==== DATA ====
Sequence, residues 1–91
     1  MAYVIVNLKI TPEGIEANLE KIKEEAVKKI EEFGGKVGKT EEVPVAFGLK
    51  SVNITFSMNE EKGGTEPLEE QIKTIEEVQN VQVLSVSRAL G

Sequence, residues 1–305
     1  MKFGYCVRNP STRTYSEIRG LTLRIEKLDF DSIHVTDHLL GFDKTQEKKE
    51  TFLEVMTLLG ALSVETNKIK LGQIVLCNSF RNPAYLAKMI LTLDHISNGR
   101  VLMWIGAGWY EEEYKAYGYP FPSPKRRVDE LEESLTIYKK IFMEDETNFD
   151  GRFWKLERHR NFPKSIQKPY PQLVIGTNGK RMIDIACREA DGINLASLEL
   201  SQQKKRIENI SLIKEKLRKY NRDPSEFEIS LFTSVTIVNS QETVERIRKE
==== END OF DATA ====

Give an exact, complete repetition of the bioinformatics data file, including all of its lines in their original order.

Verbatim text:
Sequence, residues 1–91
     1  MAYVIVNLKI TPEGIEANLE KIKEEAVKKI EEFGGKVGKT EEVPVAFGLK
    51  SVNITFSMNE EKGGTEPLEE QIKTIEEVQN VQVLSVSRAL G

Sequence, residues 1–305
     1  MKFGYCVRNP STRTYSEIRG LTLRIEKLDF DSIHVTDHLL GFDKTQEKKE
    51  TFLEVMTLLG ALSVETNKIK LGQIVLCNSF RNPAYLAKMI LTLDHISNGR
   101  VLMWIGAGWY EEEYKAYGYP FPSPKRRVDE LEESLTIYKK IFMEDETNFD
   151  GRFWKLERHR NFPKSIQKPY PQLVIGTNGK RMIDIACREA DGINLASLEL
   201  SQQKKRIENI SLIKEKLRKY NRDPSEFEIS LFTSVTIVNS QETVERIRKE